Dynamic spike threshold reveals a mechanism for synaptic coincidence detection in cortical neurons in vivo

R. Azouz, C. M. Gray

Research output: Contribution to journalArticlepeer-review

287 Scopus citations


Cortical neurons are sensitive to the timing of their synaptic inputs. They can synchronize their firing on a millisecond time scale and follow rapid stimulus fluctuations with high temporal precision. These findings suggest that cortical neurons have an enhanced sensitivity to synchronous synaptic inputs that lead to rapid rates of depolarization. The voltage-gated currents underlying action potential generation may provide one mechanism to amplify rapid depolarizations. We have tested this hypothesis by analyzing the relations between membrane potential fluctuations and spike threshold in cat visual cortical neurons recorded intracellularly in vivo. We find that visual stimuli evoke broad variations in spike threshold that are caused in large part by an inverse relation between spike threshold and the rate of membrane depolarization preceding a spike. We also find that spike threshold is inversely related to the rate of rise of the action potential upstroke, suggesting that increases in spike threshold result from a decrease in the availability of Na+ channels. By using a simple neuronal model, we show that voltage-gated Na+ and K+ conductances endow cortical neurons with an enhanced sensitivity to rapid depolarizations that arise from synchronous excitatory synaptic inputs. Thus, the basic mechanism responsible for action potential generation also enhances the sensitivity of cortical neurons to coincident synaptic inputs.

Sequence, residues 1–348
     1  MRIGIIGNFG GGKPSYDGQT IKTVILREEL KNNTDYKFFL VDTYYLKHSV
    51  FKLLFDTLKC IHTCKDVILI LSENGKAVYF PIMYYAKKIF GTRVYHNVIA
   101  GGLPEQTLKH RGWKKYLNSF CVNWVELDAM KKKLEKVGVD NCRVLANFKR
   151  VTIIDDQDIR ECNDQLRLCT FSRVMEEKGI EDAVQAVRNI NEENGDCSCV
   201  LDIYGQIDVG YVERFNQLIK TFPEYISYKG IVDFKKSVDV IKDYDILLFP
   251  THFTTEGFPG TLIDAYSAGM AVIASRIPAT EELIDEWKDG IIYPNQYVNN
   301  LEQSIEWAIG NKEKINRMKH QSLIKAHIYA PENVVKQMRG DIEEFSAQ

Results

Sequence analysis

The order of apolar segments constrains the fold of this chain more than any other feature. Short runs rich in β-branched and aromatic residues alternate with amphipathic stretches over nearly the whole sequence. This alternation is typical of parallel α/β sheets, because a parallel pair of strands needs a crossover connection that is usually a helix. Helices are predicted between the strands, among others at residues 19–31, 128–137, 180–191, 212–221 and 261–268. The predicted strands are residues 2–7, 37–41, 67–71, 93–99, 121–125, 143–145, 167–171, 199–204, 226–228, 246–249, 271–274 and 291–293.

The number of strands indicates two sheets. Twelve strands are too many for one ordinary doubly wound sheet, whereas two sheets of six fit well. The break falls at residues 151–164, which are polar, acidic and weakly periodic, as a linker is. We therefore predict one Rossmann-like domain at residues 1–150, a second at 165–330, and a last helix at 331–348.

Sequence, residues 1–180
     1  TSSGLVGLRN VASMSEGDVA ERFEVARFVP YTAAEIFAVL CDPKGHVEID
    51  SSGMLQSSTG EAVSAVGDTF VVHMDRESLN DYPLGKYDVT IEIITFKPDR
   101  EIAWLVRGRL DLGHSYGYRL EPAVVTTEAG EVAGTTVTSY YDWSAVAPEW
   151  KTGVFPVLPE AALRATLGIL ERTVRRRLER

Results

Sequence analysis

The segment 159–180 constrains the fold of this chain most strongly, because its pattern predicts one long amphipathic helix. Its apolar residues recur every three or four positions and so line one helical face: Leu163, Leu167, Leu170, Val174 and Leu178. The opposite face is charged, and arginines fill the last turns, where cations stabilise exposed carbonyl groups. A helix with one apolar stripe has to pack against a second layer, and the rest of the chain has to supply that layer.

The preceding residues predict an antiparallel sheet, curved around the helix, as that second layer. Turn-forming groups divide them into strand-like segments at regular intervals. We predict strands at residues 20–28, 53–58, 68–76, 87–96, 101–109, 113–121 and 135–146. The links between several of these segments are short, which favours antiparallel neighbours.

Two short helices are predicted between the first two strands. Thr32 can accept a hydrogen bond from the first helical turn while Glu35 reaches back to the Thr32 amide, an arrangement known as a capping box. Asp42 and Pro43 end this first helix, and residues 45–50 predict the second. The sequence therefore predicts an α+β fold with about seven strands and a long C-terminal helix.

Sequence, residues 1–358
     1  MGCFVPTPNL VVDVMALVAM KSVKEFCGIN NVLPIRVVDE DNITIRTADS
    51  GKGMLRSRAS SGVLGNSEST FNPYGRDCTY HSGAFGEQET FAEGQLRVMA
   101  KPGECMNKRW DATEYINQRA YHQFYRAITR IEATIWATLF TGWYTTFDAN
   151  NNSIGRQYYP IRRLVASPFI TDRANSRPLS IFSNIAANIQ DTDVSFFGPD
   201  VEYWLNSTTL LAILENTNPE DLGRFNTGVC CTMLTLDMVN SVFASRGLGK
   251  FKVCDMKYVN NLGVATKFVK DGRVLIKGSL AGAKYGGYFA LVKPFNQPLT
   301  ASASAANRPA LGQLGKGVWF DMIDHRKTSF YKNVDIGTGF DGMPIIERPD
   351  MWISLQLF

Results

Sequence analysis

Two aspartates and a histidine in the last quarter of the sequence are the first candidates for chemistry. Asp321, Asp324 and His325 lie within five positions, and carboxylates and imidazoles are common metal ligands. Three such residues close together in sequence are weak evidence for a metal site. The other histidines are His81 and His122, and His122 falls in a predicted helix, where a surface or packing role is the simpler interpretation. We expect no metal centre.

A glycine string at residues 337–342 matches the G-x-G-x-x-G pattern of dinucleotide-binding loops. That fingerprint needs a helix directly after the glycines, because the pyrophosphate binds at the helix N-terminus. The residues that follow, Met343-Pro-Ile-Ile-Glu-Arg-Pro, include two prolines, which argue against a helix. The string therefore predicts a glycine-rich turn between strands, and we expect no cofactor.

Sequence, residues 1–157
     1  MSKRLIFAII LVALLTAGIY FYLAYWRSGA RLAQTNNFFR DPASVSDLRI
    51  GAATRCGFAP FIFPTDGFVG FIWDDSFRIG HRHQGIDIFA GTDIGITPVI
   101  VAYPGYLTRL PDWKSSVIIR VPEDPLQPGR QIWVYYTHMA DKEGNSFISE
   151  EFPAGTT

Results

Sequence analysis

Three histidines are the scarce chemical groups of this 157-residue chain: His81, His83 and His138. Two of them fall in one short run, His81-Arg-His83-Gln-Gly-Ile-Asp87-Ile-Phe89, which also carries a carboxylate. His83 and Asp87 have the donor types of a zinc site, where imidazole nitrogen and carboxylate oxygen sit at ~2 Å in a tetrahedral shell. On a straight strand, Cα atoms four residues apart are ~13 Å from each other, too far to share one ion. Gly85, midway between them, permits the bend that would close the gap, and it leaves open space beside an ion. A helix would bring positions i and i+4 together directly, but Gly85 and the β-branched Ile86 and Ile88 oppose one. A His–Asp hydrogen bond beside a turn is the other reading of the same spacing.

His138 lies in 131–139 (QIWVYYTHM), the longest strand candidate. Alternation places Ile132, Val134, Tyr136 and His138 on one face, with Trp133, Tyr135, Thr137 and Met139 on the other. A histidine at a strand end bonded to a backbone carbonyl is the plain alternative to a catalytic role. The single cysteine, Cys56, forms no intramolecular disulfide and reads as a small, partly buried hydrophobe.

Original languageEnglish
Pages (from-to)8110-8115
Number of pages6
JournalProceedings of the National Academy of Sciences of the United States of America
Issue number14
StatePublished - 5 Jul 2000
Externally publishedYes

ASJC Scopus subject areas

  • General


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